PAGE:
From: Patricia Vary <t80psv1@WPO.CSO.NIU.EDU>

To: NTIADC40.NTIAHQ40(piac)

Date: 12/3/97 4:01pm

To: Advisory Committee on Public Interest Obligations of

Digital Television Broadcasters.

Fr: Patricia S. Vary

Re: Public Comment

The major problem with campaign finances is the amount of

TV time that has to be bought by candidates in order to be

viable. In most democracies in the world, candidates


substantial free and reduced cost access to the publicly

owned airwaves and postal systems, to inform voters about

their campaigns. The public owns the airwaves in the U.S.,

too, but there is no free access for candidates.

Broadcasters receive a free license to use a specific

frequency of our limited airwaves, in exchange for agreeing

to serve "the public interest." They then charge

advertisers, including candidates, enormous amounts of money

to broadcast messages via their assigned frequencies. The

high cost

of such advertising, which is often necessary to reach large

numbers of voters in huge Congressional and Senate

districts, opens the door for big money to decide which

candidates will have adequate resources to win.

Please require broadcasters should to provide substantial

free TV to candidates, in fulfillment of their federally

mandated public interest obligations.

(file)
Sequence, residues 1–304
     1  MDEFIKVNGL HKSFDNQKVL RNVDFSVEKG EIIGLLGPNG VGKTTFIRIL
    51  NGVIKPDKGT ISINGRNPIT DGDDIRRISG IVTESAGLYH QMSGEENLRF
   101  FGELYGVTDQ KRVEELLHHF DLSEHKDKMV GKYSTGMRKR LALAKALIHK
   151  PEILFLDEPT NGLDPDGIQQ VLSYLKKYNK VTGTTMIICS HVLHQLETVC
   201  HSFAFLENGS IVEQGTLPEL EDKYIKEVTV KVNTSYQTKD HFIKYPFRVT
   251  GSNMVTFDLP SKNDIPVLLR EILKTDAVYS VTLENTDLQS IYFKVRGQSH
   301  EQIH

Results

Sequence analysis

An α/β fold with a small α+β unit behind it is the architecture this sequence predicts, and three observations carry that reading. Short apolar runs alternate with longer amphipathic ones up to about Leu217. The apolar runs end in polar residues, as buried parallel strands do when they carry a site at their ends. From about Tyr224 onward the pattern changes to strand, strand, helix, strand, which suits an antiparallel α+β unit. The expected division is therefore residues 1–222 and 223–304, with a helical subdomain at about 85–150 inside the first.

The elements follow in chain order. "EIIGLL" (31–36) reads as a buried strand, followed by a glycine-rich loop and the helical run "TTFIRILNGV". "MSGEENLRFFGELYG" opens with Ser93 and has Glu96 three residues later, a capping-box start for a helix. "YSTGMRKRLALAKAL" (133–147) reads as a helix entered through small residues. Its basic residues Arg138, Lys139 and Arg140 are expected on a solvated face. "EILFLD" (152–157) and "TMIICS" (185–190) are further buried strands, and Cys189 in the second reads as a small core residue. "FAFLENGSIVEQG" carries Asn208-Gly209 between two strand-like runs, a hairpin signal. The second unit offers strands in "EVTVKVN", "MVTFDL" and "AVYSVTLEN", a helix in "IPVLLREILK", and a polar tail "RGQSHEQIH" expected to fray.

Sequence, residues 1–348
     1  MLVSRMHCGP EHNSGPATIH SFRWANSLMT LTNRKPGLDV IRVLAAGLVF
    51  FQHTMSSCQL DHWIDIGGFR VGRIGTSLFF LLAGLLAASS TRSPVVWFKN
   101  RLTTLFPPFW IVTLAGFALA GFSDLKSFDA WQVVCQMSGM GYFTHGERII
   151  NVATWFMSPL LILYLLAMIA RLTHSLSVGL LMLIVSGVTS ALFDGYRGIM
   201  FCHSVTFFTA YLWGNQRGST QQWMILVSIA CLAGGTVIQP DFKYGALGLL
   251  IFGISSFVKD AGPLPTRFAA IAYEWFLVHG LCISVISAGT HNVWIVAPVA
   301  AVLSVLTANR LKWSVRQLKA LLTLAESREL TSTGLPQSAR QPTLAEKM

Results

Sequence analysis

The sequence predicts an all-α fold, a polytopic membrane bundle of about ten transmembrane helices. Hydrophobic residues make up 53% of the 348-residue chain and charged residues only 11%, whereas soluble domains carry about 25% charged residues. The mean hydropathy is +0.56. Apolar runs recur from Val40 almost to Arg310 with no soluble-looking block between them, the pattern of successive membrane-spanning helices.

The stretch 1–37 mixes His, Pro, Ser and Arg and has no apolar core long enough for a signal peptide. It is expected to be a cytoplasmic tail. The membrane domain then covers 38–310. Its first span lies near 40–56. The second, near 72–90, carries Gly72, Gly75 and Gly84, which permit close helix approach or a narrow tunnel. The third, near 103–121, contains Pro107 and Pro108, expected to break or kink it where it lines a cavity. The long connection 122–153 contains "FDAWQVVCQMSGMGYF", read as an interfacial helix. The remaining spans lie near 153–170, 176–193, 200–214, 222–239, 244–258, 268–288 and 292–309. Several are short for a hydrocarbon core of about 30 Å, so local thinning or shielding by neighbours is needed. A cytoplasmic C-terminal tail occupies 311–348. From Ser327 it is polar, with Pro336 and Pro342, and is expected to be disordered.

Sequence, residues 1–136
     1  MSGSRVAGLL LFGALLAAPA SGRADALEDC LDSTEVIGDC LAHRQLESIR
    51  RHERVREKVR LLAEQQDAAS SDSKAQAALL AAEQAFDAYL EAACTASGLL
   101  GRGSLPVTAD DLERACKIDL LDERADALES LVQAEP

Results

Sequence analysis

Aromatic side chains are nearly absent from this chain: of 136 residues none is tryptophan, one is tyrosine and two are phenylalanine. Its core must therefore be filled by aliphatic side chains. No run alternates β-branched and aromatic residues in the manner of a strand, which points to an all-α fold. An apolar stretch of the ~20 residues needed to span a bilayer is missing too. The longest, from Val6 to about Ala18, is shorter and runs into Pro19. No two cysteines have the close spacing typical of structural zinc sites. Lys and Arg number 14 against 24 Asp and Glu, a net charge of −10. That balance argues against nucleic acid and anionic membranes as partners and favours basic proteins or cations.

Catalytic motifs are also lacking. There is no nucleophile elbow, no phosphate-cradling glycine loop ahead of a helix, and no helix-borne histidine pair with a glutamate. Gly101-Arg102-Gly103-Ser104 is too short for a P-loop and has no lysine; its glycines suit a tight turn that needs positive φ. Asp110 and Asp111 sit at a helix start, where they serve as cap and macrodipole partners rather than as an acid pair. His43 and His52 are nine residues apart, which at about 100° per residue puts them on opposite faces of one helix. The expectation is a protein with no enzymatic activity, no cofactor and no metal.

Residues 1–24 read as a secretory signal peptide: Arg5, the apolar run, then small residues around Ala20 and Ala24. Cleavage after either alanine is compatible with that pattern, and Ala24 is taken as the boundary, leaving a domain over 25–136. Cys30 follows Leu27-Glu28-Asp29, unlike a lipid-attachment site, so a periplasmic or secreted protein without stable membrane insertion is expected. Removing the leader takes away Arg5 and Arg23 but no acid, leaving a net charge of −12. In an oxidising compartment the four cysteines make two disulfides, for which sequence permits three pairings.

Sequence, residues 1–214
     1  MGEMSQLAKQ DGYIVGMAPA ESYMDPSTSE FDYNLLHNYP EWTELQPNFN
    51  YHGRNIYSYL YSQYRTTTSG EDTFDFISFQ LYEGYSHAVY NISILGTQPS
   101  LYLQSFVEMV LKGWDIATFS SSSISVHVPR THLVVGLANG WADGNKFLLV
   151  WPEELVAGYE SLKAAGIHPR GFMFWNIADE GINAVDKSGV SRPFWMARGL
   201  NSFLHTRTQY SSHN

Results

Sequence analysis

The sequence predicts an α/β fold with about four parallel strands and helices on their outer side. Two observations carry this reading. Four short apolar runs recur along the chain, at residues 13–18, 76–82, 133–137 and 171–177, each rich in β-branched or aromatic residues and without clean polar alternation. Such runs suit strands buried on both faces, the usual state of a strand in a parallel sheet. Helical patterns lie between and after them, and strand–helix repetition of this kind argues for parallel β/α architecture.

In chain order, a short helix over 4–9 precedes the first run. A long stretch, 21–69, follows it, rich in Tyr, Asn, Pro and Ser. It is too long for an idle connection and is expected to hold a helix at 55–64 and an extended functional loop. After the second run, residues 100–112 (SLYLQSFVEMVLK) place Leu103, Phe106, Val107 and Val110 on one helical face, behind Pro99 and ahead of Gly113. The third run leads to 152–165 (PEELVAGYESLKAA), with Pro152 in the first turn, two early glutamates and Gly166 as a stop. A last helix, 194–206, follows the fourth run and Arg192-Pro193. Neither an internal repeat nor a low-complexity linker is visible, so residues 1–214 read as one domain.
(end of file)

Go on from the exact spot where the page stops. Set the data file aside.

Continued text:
Threshholds to qualify for free time should be reasonable,

and set low enough to allow third party and independent

candidates to have access as well. With free access to the

airwaves (and postal system), every challenger would have a

chance to run a viable campaign, especially if the free time

were accompanied by spending limits to prevent


candidates from dominating elections. Additionally, free

time could raise the level of debate, by requiring

candidates to appear in their own ads, for longer than the

currently popular thirty second ad.

The threshhold to qualify for free time should be

reasonable, and low enough to allow third party and

independent candidates to have access as well. Free TV

could be linked to spending limits, to reduce the ability of

rich candidates to buy public office. Additionally, free TV

could require candidates to appear in their own ads, and to

speak for longer than a

typical thirty second ad, to raise the level of debate in

our politics and engage a citizenry now largely "tuned out"

by negative political advertising.

Although the broadcasters may argue that such an obligation

impinges on their profits, such profits are only possible

because of their use of a publicly owned and limited

resource. Does anyone think there will be a lack of new

applications for digital broadcasting licenses, simply

because the licenses come along with a requirement for

substantial free TV for candidates? Not very likely, in my


I urge the Committee to support such a requirement, and look

forward to hearing your response.


Patricia S. Vary